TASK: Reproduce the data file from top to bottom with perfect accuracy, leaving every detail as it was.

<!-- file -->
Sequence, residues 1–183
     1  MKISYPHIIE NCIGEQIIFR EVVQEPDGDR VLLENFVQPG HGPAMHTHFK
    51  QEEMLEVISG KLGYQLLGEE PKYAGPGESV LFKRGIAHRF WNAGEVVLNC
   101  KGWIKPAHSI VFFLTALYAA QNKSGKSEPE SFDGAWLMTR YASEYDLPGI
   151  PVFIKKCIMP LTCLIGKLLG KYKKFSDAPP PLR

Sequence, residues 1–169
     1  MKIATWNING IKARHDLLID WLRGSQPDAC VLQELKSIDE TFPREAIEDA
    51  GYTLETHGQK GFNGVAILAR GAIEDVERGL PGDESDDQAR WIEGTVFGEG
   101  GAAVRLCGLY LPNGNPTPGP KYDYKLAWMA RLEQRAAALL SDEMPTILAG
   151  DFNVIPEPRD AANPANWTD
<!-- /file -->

Sequence, residues 1–183
     1  MKISYPHIIE NCIGEQIIFR EVVQEPDGDR VLLENFVQPG HGPAMHTHFK
    51  QEEMLEVISG KLGYQLLGEE PKYAGPGESV LFKRGIAHRF WNAGEVVLNC
   101  KGWIKPAHSI VFFLTALYAA QNKSGKSEPE SFDGAWLMTR YASEYDLPGI
   151  PVFIKKCIMP LTCLIGKLLG KYKKFSDAPP PLR

Sequence, residues 1–169
     1  MKIATWNING IKARHDLLID WLRGSQPDAC VLQELKSIDE TFPREAIEDA
    51  GYTLETHGQK GFNGVAILAR GAIEDVERGL PGDESDDQAR WIEGTVFGEG
   101  GAAVRLCGLY LPNGNPTPGP KYDYKLAWMA RLEQRAAALL SDEMPTILAG
   151  DFNVIPEPRD AANPANWTD